I didn’t get the chance to see Elvis in theaters despite being a longtime fan of Elvis Presley’s music and a recent fan of his acting career. Elvis has officially come to streaming giving access to the masses. The buzz about Elvis since its promotion and release has been about star Austin Butler’s uncanny and exceptional depiction of the King. But is there anything more to the film? Or did Butler break his back carrying the whole thing?
The Conservative Critic will ask: Is it entertaining? Does it have artistic/intellectual value? And Is it liberal propaganda?
Conservative Critic Meter Check: Elvis
Overall Rating: If not for Austin Butler, a catastrophe
They said it was high class, but that was just a lie. While Elvis holds an inexplicable 78% critical average on Rotten Tomatoes and 94% for audiences it was actually borderline trash. In reviewing the critical analysis almost all of the “high” reviews were actually very tepid in words but strangely high in star rating (pay for play?) and all the top critics panned the film. Audiences just really liked Austin Butler and that’s fair.
The film presents itself like the dark underbelly of the Elvis Presley story (of which, there is significant material to draw from) but instead presents a completely sanitized version of events which is heavy on a hammy and cartoonish Tom Hanks (Forrest Gump) as Elvis’s manager Colonel Tom Parker and light on Elvis’s world changing music. The film opens on a carnival and gives sort of creepy carnie vibes but does it very poorly never achieving the level of creep of successful films like Nightmare Alley – it then fills the movie with a very boring, white washed story which lightly brushes over the demons which plagued one of the world’s greatest entertainers. But it also doesn’t give us much of the good parts of his life, so we’re left with something not even emotional enough to be truly depressing.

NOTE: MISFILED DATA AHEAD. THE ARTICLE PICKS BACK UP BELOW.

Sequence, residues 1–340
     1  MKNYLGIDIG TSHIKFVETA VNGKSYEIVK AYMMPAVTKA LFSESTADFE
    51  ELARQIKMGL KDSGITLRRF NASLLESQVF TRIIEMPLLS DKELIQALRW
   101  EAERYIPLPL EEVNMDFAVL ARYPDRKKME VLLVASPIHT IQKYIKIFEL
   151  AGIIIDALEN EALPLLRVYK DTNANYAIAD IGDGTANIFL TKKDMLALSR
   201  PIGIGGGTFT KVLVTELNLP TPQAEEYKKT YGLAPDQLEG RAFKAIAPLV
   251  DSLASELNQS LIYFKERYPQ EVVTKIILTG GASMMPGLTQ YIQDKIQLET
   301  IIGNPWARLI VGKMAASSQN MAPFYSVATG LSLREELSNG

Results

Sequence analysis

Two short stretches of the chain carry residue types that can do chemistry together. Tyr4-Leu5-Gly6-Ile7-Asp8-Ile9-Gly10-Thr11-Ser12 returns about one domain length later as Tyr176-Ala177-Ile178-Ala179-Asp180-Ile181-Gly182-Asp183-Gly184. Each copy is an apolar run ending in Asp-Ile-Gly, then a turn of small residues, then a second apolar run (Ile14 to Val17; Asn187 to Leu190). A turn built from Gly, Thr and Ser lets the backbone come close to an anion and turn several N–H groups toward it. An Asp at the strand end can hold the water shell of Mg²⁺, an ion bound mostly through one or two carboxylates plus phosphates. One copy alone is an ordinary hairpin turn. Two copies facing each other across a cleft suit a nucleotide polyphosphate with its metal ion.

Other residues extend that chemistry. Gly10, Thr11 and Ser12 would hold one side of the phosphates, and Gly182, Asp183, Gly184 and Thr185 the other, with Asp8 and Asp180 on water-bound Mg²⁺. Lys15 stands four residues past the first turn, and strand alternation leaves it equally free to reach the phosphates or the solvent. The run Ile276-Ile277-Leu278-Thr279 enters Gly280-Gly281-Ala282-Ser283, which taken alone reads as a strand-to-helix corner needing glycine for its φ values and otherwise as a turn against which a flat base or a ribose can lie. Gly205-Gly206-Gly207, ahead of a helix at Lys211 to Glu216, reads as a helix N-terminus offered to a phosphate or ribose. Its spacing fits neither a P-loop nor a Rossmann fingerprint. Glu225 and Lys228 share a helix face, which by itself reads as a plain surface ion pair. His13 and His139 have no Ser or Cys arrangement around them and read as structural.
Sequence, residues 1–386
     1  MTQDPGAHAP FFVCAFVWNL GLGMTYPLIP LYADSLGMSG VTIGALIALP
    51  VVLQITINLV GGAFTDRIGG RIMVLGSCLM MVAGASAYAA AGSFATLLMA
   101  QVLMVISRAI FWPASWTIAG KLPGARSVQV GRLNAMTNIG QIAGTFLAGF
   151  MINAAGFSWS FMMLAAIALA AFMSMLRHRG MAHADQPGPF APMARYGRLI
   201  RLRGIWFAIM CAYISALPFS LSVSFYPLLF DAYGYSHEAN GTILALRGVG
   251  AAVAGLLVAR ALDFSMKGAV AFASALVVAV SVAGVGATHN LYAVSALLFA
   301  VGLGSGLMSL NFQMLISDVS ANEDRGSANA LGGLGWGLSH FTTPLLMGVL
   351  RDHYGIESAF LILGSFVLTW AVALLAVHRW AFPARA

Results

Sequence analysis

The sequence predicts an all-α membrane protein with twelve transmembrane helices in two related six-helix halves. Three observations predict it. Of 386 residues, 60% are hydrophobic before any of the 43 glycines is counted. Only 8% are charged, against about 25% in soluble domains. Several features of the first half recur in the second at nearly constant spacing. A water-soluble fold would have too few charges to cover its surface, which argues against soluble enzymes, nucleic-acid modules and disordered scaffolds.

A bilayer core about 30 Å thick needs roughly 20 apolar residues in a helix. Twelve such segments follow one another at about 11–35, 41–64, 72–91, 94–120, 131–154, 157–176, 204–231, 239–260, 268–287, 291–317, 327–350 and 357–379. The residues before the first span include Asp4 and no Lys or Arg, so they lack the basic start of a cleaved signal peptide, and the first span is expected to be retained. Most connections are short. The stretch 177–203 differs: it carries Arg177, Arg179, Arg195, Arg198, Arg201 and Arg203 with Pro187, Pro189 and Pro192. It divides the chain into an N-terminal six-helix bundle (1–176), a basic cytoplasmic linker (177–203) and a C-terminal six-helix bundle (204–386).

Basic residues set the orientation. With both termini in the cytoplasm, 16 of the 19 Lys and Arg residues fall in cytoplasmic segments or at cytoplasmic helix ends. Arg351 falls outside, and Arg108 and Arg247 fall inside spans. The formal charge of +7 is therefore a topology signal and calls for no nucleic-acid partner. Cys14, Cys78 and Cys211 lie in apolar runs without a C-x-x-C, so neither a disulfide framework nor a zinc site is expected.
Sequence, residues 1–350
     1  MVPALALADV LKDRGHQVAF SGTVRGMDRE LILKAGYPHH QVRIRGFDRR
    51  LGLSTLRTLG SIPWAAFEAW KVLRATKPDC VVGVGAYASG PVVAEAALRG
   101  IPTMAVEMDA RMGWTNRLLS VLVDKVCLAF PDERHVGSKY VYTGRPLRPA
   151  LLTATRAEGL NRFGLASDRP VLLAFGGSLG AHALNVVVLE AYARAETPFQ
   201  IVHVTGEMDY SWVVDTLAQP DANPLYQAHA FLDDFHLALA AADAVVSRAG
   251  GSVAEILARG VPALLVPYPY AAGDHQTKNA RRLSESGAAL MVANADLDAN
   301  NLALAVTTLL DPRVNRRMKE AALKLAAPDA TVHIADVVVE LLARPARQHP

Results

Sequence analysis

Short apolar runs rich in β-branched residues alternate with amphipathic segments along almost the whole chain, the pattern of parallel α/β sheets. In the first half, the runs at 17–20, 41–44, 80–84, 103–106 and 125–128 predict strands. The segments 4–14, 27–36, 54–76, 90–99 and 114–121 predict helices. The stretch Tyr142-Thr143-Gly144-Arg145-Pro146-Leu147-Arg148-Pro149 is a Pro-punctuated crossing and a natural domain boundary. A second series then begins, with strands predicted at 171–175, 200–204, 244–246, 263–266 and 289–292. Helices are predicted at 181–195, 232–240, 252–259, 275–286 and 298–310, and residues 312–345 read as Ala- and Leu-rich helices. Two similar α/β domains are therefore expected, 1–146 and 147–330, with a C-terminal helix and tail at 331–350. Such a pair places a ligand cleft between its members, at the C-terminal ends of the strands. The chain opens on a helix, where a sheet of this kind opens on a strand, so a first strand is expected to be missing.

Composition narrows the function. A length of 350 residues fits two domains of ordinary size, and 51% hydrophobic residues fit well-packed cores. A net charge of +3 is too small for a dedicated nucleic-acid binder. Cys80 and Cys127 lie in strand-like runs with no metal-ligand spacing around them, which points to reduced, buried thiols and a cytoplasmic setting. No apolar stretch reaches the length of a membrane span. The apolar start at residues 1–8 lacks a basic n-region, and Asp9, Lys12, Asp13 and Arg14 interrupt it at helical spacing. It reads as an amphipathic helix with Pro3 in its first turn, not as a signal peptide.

Tom Hanks’s performance as the narrator and star of the movie (somehow…despite the film being called Elvis) is so bad it should stand alone in its own category of catastrophic review – and it shall.
Austin Butler is sensational and is the only reason this film is not off the charts into the red of “Bad.” Unlike his colleague, Hanks, Butler does not lean on prosthetics and camp to create his version of Elvis. Butler is nuanced and quiet and deeply human. I wish he was in a different film which gave him more opportunity to explore Elvis as a man, as a husband and as an exceptional performer. It was a movie saving performance which makes Elvis worth seeing at all. And it might even be an award winning performance.